I think I understand Jonah. I have known I am supposed to be a minister since I was about 12 years old. You know how you ask kids what they want to be when they grow up. Some kids want to be fire fighters. Some want to be President. Some want to be sport stars. I told people I wanted to be a minister. There was no vision. No voice from heaven; just the abiding sense that God had a specific path of service for my life. That vocation stayed with me throughout my teen years and throughout college. But when it was time to follow through, I ran. I prepared myself to teach High School English instead. I didn’t want to preach. I didn’t want to deal with other people’s pain. I didn’t want church people looking to me for spiritual leadership when I still had so much to learn. So, here I am as a minister. What happened? I prayed and talked with friends and spiritual guides. I searched my conscience. My alternative plans began to fall apart. No other path was satisfying. I found no peace until I followed God’s call. To follow the call does not mean happiness, but once it has been heard, there is no happiness for those who do not follow

Running from a call seems to be a common theme in the Bible. Even in secular literature, people run from the gods. In Virgil's The Aeneid, Aeneas hears a divine summons to be the founder of Rome. But building Rome is not what Aeneas wants to do. Aeneas does not want to leave his home to follow his calling; He is forced to give up his love and his attachment to the past. It means leaving old dreams and old loves. But there is a larger and better destiny to which he is called. So Jupiter says of him, "That man should sail." And he does. Sailing means embracing the pain of leaving behind what he thought was his comfort and fulfillment. It means trusting that somehow he is not just moving into the future. He is being led from a call that he neither made, wanted, nor even understood.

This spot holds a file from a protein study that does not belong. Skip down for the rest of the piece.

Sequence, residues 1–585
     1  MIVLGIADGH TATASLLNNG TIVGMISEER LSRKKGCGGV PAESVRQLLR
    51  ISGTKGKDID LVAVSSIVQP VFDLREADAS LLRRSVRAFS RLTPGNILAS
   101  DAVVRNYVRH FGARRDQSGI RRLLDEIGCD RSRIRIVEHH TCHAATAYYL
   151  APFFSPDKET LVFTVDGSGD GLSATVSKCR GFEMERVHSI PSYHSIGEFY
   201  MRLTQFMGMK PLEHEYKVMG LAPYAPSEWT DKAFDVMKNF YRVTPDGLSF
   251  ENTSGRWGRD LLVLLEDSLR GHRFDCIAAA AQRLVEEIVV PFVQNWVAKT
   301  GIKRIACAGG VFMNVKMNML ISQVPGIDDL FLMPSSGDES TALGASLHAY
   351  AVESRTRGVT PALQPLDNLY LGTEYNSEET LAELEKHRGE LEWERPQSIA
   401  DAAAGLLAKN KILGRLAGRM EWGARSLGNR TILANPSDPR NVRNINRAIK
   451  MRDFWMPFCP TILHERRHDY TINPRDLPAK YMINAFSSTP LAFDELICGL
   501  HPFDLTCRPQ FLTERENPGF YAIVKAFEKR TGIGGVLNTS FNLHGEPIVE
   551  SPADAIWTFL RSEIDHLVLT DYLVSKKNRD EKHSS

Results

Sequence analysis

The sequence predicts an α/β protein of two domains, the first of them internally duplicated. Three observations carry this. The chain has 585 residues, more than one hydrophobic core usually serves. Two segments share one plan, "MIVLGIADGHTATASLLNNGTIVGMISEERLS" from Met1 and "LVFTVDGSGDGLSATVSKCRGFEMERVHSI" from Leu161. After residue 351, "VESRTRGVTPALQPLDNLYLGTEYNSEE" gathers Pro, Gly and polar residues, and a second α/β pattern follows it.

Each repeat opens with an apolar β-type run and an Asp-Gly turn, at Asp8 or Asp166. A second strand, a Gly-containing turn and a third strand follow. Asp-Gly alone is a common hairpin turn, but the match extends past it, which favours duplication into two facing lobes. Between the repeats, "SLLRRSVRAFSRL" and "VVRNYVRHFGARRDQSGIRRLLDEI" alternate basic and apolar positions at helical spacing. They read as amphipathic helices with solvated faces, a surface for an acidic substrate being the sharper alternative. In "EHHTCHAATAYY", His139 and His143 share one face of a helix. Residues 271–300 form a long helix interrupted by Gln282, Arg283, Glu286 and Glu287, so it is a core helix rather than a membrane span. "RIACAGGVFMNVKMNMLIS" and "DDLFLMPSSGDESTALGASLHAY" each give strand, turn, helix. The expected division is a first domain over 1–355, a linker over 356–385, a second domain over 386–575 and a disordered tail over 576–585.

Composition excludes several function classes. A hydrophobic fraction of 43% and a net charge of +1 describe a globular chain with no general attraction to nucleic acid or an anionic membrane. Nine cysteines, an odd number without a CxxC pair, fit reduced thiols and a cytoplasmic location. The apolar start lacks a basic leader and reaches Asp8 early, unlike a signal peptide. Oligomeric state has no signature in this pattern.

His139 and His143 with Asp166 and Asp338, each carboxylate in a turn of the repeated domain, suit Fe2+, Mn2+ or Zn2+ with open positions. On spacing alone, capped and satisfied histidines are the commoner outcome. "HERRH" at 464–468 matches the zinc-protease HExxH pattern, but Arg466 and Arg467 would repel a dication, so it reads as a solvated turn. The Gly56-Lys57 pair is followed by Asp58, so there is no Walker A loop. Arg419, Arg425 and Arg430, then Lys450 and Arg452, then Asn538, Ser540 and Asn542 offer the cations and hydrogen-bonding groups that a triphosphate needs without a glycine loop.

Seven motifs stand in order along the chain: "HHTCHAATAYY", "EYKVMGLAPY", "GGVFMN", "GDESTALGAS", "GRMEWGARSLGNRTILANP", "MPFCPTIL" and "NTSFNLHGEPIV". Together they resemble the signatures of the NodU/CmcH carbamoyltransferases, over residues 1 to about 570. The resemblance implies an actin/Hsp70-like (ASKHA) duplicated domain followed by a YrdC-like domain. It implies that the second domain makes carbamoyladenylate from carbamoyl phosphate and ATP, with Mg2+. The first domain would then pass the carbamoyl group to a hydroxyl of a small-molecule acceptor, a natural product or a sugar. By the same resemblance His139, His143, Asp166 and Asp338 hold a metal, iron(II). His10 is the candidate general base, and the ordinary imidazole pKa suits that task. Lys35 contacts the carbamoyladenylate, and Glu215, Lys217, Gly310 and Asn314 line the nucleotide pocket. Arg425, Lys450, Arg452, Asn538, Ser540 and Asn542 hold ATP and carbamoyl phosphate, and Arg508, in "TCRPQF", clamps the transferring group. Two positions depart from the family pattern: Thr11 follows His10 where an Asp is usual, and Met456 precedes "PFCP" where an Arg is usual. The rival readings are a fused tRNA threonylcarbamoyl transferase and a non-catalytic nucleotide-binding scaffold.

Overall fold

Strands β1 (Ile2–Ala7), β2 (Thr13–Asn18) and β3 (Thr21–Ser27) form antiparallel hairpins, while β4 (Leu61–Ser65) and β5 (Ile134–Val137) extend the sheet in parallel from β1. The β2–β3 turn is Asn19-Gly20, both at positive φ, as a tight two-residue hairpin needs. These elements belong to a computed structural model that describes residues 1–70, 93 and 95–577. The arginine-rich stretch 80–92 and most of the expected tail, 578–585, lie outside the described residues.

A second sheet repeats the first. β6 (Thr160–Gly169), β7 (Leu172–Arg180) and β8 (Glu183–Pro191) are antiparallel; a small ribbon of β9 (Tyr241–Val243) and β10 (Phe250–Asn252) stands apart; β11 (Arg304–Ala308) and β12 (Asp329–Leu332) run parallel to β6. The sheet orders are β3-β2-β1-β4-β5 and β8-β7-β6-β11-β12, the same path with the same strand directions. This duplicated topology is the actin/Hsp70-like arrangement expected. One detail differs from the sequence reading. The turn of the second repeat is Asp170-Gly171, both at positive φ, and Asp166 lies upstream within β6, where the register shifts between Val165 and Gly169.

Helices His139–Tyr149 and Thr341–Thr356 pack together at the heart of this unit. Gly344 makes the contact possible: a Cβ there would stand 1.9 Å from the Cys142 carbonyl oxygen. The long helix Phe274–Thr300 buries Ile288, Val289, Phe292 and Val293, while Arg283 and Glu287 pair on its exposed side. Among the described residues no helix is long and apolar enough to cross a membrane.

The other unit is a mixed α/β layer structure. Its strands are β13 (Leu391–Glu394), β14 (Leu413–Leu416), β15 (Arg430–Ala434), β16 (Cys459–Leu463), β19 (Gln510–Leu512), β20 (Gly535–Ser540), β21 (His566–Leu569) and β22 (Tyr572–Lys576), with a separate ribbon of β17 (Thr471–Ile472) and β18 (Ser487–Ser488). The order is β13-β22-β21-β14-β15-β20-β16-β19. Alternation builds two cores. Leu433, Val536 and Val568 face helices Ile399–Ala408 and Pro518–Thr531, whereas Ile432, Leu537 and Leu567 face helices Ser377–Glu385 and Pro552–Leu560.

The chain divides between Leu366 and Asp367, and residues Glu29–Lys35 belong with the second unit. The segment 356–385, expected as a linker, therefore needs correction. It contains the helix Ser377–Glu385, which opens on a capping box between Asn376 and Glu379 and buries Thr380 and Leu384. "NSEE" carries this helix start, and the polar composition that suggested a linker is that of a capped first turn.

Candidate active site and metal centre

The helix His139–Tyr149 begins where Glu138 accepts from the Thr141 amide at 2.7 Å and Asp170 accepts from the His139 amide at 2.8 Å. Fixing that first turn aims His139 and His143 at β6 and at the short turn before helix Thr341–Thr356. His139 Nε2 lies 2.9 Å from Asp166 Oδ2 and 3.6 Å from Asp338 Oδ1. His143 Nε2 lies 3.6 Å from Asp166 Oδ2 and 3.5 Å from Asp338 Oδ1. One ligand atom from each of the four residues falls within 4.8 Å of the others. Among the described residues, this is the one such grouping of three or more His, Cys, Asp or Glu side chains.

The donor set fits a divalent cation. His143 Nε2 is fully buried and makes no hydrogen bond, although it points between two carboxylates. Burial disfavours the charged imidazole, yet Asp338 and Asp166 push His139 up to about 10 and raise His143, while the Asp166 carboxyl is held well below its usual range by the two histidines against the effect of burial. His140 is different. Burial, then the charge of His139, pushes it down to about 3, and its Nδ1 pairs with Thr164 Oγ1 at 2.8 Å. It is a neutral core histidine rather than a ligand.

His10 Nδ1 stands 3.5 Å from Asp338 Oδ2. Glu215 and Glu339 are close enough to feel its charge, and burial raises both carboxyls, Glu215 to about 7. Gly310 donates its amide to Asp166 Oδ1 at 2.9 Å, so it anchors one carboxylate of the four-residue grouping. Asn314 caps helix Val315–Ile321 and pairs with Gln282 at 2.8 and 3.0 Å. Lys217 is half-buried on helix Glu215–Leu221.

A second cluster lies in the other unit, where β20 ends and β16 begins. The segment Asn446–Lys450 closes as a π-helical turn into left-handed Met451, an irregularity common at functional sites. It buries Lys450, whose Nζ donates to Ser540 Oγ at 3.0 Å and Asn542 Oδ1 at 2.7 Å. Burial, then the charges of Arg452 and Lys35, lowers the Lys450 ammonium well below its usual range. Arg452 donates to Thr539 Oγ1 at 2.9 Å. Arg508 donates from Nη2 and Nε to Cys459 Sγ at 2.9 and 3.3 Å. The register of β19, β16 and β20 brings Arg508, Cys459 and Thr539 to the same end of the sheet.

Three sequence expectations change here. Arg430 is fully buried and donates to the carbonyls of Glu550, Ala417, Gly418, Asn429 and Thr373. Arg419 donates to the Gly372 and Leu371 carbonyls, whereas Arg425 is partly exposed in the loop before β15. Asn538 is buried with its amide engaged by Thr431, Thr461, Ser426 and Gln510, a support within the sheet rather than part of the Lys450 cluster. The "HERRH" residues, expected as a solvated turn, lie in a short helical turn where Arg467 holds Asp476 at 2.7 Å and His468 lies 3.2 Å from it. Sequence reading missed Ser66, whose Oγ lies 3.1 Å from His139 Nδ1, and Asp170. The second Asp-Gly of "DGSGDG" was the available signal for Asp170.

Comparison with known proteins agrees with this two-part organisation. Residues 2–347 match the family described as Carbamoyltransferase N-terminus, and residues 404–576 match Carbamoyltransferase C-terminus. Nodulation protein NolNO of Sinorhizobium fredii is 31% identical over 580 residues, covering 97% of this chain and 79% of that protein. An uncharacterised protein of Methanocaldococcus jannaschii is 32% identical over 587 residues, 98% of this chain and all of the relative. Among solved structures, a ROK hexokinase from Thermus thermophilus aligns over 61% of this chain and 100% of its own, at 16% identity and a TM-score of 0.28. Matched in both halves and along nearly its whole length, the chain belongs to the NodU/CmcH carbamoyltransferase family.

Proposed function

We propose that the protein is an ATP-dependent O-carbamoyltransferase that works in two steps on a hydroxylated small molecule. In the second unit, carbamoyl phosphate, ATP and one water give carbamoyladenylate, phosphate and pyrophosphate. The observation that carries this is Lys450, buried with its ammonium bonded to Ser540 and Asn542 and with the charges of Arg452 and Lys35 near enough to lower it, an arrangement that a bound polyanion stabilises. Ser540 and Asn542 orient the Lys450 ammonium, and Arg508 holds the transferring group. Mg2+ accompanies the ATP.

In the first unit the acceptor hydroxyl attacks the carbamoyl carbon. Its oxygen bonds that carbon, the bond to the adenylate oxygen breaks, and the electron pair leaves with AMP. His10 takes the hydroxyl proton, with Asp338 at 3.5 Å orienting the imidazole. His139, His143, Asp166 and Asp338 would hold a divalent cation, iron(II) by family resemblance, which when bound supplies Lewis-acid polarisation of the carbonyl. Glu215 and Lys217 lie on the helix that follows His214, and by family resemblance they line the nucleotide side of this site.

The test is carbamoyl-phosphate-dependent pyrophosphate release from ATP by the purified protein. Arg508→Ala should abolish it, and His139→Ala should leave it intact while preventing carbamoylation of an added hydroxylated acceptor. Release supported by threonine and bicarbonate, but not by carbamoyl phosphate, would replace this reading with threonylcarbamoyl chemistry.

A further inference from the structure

Have you ever felt like Jonah? Have you ever felt like the world beats you down and tells you that we can’t change the big picture, so just fall in line and make the best living that you can for yourself and your family? Ever feel like God is calling to a God-sized task, but it’s easier to run away? Ever felt like you’ve spent some time in the belly of a whale, out of touch with your calling, your sense of meaning and purpose. Ever feel like Jonah -- fighting God at every step, but finally accepting the call God has for you. Ever think that God wants you to sail to your destiny, but you would rather not go? Remember, God can work, sometimes quite spectacularly, through the most obstinate person who accepts God's call no matter how long and hard one fights it. We must let go of the life we have planned, to accept the one that is waiting for us.

When God asks you to do something outside of your comfort zone, how do you respond? In Mark’s Gospel, we heard another fish story about how Jesus called the first four disciples to fish for a harvest of humanity so the reign of God will increase. While it takes three chapters for Jonah to get to Nineveh, in a remarkable four verses these anglers leave their nets, their security, and their families to follow Jesus. I know that I would want at least 48 hours to think through me decision, to weigh the consequences, to think about the family business and the implications of the career move. But Mark tells us nothing of their inner deliberations. We don’t know whether the fishing was good or bad, if they were religious people or not, if they got along with their father or had a desire to travel. Mark simply says, “Immediately, they followed him.” Jesus presented them with a risk. He offered them a new identity, one that had nothing to do with their geographic or social location. Instead, it would be about movement -- a willingness to take a journey, to begin a pilgrimage. Jesus does not spend a lot of time analyzing the big picture. His program is not very detailed. He doesn’t write a two-volume manifesto about how the world works and he probably would not have bee and very good pundit on “News Hour with Jim Lehrer” or “The O’Reilly Factor.” The call is an urgent, uncompromising invitation to break with business as usual. Jesus says, “God is near. God’s power is at work. Hear this good news and let’s go fishing.”